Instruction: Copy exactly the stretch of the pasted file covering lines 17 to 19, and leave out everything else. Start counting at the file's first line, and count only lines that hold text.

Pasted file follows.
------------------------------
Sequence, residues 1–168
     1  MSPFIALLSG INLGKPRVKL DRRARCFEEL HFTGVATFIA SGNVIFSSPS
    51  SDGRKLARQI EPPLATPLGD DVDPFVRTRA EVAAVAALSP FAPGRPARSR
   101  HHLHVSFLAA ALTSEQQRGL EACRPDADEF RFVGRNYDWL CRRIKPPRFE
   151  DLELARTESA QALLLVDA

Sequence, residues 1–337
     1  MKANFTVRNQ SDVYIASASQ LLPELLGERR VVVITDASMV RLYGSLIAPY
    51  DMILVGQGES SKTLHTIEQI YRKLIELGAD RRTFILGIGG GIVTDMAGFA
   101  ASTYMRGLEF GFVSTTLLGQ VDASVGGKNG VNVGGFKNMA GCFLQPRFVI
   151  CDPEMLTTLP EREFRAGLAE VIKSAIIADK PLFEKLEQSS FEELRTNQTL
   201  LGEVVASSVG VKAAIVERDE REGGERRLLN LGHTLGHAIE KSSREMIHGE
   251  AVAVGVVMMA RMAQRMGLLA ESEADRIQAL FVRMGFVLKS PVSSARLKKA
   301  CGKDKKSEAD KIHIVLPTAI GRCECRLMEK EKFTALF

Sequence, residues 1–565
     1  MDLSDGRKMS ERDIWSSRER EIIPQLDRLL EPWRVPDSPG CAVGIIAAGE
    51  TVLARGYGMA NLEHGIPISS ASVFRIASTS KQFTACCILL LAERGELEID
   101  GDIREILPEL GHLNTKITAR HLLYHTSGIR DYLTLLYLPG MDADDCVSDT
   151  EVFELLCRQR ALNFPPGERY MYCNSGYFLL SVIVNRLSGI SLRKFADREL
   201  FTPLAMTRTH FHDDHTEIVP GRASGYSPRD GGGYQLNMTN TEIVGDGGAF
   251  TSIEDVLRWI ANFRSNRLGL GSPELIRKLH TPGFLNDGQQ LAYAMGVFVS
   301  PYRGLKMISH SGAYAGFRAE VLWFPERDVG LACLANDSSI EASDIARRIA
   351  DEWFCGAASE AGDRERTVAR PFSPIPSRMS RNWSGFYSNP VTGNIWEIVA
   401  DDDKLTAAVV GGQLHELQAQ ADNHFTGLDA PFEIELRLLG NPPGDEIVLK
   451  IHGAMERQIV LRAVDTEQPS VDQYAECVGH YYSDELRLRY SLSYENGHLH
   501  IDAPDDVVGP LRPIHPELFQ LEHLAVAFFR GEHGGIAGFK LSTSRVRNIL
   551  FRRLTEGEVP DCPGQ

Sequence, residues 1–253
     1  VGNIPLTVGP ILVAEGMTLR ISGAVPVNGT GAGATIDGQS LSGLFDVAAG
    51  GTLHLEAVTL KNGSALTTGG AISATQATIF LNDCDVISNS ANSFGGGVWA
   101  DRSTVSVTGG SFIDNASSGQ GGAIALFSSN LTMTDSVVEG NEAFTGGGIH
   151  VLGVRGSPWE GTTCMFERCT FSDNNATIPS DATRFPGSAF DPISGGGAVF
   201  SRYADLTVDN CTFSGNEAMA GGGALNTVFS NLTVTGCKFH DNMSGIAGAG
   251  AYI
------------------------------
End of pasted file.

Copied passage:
   101  GDIREILPEL GHLNTKITAR HLLYHTSGIR DYLTLLYLPG MDADDCVSDT
   151  EVFELLCRQR ALNFPPGERY MYCNSGYFLL SVIVNRLSGI SLRKFADREL
   201  FTPLAMTRTH FHDDHTEIVP GRASGYSPRD GGGYQLNMTN TEIVGDGGAF